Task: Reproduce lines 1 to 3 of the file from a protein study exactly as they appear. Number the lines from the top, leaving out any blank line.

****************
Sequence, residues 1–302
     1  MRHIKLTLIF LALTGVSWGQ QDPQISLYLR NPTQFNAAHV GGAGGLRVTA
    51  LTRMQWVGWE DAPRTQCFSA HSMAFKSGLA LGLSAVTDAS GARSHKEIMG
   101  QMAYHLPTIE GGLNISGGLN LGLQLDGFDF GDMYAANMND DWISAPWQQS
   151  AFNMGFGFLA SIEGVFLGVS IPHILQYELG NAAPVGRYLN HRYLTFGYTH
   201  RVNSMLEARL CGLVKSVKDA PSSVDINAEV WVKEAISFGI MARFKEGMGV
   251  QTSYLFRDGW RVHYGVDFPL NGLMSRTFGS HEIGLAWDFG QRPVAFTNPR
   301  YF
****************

Sequence, residues 1–302
     1  MRHIKLTLIF LALTGVSWGQ QDPQISLYLR NPTQFNAAHV GGAGGLRVTA
    51  LTRMQWVGWE DAPRTQCFSA HSMAFKSGLA LGLSAVTDAS GARSHKEIMG